Mike: Joe's a great improviser and a great guy. We got to perform there a handful of times, and he liked us. I Think I'm Gonna Be Sick (Irene Marquette & Rebecca Krasny) was the amazing house team there, but had to step down when Rebecca had her baby. Joe incredibly kindly let Sand take over, and we've been playing there every Monday since.

Thomas: I don't know how Joe got the opportunity but he set the tone of a night where anything can happen and with little overhead so you can come experiment and maybe have a bad show and you can still come back to fail and/or succeed and/or try something weirder another night. 

Scott: Joey Dundale took it over after Joe P. moved to Bronco country, renamed it Kill All Comedy West, added some fun new twists to the night, then he passed it on to us, and we went back to calling it Spitballin', like when Cleveland got a new football team and just called themselves the Browns again.

Thomas: The opportunity to perform is a gift and we're trying to make it fun night and safe place for people to try stuff out.

TS: Is this Friday's midnight show at iO the first time the team has appeared there? 

Mike: It's the first time in a long time. We played there years ago opening for the Reckoning, and we got to do some shows with Computer a few years ago, too, which were fun.

Scott: We did Computer's form with them and they did our form with us.

TS: As an independent team, is there a validation felt when you're invited to perform at a venue like iO that mainly features shows from their own house teams & cast members?

Scott: The improv community has made us feel validated for a long time now. Our friends, improvisors or not, have been so so sweet to us over the past few years. They say wonderfully nice things to us. In my mind, they keep us going, not a dream of being an iO show or anything like that.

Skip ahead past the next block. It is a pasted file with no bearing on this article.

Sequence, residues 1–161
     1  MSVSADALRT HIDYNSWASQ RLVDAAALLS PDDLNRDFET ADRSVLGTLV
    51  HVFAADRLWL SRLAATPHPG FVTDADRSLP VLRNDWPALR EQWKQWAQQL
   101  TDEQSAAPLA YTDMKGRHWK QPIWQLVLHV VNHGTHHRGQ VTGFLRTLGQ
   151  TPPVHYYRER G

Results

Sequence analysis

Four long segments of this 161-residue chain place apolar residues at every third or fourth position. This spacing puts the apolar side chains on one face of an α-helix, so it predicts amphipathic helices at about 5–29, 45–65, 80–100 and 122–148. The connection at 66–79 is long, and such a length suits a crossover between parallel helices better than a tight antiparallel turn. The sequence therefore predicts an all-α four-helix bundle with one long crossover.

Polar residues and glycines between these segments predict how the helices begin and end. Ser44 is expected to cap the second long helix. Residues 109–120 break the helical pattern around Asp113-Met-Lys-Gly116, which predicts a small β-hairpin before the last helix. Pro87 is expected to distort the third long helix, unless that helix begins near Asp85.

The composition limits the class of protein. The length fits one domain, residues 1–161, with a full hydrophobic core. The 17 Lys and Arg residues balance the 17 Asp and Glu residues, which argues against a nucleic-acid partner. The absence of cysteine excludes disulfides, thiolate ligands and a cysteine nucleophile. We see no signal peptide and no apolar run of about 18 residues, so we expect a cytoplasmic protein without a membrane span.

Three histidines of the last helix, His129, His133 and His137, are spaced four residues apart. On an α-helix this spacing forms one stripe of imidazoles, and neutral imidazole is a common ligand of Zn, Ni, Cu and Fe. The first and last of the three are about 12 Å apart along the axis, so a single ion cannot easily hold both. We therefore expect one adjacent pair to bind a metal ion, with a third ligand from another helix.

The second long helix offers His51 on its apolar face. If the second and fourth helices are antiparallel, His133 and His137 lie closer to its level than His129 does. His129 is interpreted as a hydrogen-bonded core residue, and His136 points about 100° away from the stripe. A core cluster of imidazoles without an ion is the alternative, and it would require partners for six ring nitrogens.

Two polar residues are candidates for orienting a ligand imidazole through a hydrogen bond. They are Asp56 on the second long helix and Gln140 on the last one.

Thomas: It's very nice to be invited but I don't have any glamorous or vengeful ideas about it. It's a show and people seem excited about it so hopefully, we'll be good. 

Scott: This is just another cool opportunity to do our thing at a different theatre. I'm really excited about it! iO is great and I love performing there. All three of us have had that experience.
TS: Over the years, what are some of the most memorable shows you've done as a team, either because of the shows themselves or the circumstances surrounding them?

Mike: Almost any show we do at the Gallery really feels special - in particular some of those early Sick Adventures were some of the best shows we did - all four of us getting to play for a full house that was so warm, and feeling like we did good stuff was just an incredible feeling.

Along those lines, the Jangleheart show, even though we missed Scotty, is one that I'll treasure.

Thomas: The Jangleheart circus show is the most recent one to come to mind. It was such a fun festival and I love the Upstairs Gallery so much. I'm glad we were able to have a great show. It was also the first time me and Mike had done our documentary form by ourselves. We had always done different things when it was just us two. 

Scott: One of, if not the first show that just the three of us, me, Mike, and Tommy at the OLD studio 44 location. What I remember most was this gross, teenager that Mike was playing, and he was playing Magic: The Gathering. Boy oh boy did he go off. It made me cry. Like most of the stuff that guy does. But after that show, it was such a cool feeling. It was something I hadn't experienced up until that point doing improv.

Thomas: We had a pretty watershed show at Studio 44. I think we were paired with a reading of Mike Kelly's Gotham High and it was a packed house. It was sort of the debut of the documentary form too. We'd done it a couple of times before that but to small houses. It was the first time we really hit a home run in front of big crowd.

Scott: Other than that, I have a hard time remembering specific shows, but honestly, there's nothing better on the planet than performing with those two guys at Upstairs Gallery on a night when we have a lot of friends in the house. Those are always memorable, so I feel stupid for not remembering them specifically.

Also, I remember one show we did at Gingers Ale House like in 2008 that was the worst, least committed, unentertaining show probably ever done live on a stage. I remember doing a pushup on stage and thinking to myself that life, in general, was way too difficult.